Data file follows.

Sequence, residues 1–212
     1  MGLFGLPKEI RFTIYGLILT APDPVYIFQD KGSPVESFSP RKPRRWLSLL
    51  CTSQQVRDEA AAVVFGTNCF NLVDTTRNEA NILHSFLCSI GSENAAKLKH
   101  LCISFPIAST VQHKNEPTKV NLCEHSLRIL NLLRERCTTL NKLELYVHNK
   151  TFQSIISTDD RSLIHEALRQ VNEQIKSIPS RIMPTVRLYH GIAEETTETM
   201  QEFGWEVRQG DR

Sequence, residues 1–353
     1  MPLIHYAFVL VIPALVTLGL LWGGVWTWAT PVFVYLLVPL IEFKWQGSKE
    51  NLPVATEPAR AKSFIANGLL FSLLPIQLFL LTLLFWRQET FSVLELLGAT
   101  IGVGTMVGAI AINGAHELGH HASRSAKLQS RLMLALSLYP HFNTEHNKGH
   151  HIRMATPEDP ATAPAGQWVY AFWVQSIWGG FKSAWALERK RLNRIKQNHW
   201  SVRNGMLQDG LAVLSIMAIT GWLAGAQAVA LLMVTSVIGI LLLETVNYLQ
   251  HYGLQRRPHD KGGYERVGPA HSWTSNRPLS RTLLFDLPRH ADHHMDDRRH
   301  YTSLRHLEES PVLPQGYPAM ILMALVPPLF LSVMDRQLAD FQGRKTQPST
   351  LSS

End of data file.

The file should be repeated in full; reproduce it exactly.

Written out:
Sequence, residues 1–212
     1  MGLFGLPKEI RFTIYGLILT APDPVYIFQD KGSPVESFSP RKPRRWLSLL
    51  CTSQQVRDEA AAVVFGTNCF NLVDTTRNEA NILHSFLCSI GSENAAKLKH
   101  LCISFPIAST VQHKNEPTKV NLCEHSLRIL NLLRERCTTL NKLELYVHNK
   151  TFQSIISTDD RSLIHEALRQ VNEQIKSIPS RIMPTVRLYH GIAEETTETM
   201  QEFGWEVRQG DR

Sequence, residues 1–353
     1  MPLIHYAFVL VIPALVTLGL LWGGVWTWAT PVFVYLLVPL IEFKWQGSKE
    51  NLPVATEPAR AKSFIANGLL FSLLPIQLFL LTLLFWRQET FSVLELLGAT
   101  IGVGTMVGAI AINGAHELGH HASRSAKLQS RLMLALSLYP HFNTEHNKGH
   151  HIRMATPEDP ATAPAGQWVY AFWVQSIWGG FKSAWALERK RLNRIKQNHW
   201  SVRNGMLQDG LAVLSIMAIT GWLAGAQAVA LLMVTSVIGI LLLETVNYLQ
   251  HYGLQRRPHD KGGYERVGPA HSWTSNRPLS RTLLFDLPRH ADHHMDDRRH
   301  YTSLRHLEES PVLPQGYPAM ILMALVPPLF LSVMDRQLAD FQGRKTQPST
   351  LSS